6. Chris Chapman

    Chris Chapman Active Member

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    I would NEVER repost it Van. Cross my heart and hope my facilites director dies. At most it will go into a photo report that I'm collating of Shop from across the State and country to make my point.

    Thanks,

    -Chris
     
  7. mnfreelancer

    mnfreelancer Active Member

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    Unfortunately I don't have a picture but back in highschool we were told by our TD not to worry about paint on the floor since the new sealed concrete floor was excessively slippery and the paint helped put some texture on it making the shop generally safer. Large spills were contained but we never sweated the small drips and spatters.
     
  8. 1kfresnel

    1kfresnel Member

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    I hear ya. I'll try and remember to take a shot tomorrow!
     
  9. cprted

    cprted Active Member

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    I'd take a picture, but our shop won't help your cause. Being a road house, we don't build anything, so the floor is more or less black. Sorry.

    If the guy who's complaining about your shop floor wants to do the painting, why not let him go to it during a dark week?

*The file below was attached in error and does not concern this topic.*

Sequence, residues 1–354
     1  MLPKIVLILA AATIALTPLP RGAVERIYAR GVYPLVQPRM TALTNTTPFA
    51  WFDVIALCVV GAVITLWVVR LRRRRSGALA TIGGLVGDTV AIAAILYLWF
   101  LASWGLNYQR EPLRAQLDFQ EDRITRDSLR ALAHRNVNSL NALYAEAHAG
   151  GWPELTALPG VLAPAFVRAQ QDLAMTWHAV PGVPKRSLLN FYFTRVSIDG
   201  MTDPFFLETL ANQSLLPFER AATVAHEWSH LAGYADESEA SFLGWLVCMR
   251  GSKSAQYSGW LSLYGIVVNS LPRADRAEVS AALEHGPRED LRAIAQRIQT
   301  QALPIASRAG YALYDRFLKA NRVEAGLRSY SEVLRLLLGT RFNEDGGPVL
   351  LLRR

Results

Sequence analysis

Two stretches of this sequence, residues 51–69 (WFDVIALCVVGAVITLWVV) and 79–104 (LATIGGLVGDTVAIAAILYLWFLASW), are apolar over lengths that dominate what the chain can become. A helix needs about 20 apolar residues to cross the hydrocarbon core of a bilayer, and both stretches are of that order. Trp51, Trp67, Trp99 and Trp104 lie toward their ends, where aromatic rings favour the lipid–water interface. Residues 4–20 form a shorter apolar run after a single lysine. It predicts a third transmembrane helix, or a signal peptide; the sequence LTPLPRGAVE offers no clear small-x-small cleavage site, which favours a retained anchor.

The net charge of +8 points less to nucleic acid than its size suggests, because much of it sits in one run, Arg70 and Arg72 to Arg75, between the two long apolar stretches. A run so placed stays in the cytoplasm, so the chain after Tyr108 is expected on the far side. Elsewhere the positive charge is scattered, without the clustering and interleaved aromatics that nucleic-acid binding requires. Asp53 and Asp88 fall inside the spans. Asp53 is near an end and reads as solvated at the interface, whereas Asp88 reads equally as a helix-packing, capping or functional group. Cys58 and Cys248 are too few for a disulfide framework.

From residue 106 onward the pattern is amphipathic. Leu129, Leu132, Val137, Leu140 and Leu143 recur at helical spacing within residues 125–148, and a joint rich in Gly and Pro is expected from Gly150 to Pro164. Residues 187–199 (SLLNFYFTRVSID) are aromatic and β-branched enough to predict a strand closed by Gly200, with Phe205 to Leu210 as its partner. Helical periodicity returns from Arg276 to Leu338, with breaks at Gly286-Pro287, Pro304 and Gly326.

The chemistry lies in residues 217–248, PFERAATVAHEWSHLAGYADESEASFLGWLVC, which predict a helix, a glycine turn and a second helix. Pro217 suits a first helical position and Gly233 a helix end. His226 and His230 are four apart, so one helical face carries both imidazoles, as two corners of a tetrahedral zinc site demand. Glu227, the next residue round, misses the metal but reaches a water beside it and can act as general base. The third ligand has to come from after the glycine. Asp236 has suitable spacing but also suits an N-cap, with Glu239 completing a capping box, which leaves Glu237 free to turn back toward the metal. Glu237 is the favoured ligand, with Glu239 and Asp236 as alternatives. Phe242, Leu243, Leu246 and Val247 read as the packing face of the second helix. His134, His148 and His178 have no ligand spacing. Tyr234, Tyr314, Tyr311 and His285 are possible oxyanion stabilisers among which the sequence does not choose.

10. Chris Chapman

    Chris Chapman Active Member

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    Occupation:
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    He doesn't have the staff for it and would demand my staff (and budget) take care of it. He belongs to the club of Facility Directors who have a degree in cluelessness.
     
  11. Sayen

    Sayen Active Member

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    Sealed concrete would have been nice, we just have bare cement. I'll try to snap a few photos next week, we're out here for spring break right now.

    I've never worried about paint on the floor. I'm fairly certain that my previous shop floor was only held together through drops of paint, on both the floors and walls. It never made things slippery, and we only use latex paint so I only worry about cleaning up spills.
     
  12. willbb123

    willbb123 Active Member

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    Here is a few pics of one of the community theaters shop. Its in a condemned building in the middle of nowhere. Its a real mess so it might not be the best example. They got really lucky during the floods last year, they are right next to the river but high enough on a hill that they stayed safe.
     

    Attached Files:

  13. Chris Chapman

    Chris Chapman Active Member

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    Occupation:
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    Will, what is the name of the Venue and the City?
     
  14. Oldschool

    Oldschool Member

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    Chris,

    Why don't you simply educate your ignorant Facility Manager? He is probably not any of the things you think he is - he simply doesn't understand. Bring him into the shop on a busy work day when there is a lot of painting and set building going on so he can experience why there is paint on the floor. Since he is a business guy make an argument from a productivity perspective as to why it would be inefficient to worry about getting paint on the floor. Instead of fighting him, you could educate him and create an ally. My 2cents.........
     
  15. Chris Chapman

    Chris Chapman Active Member

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    Occupation: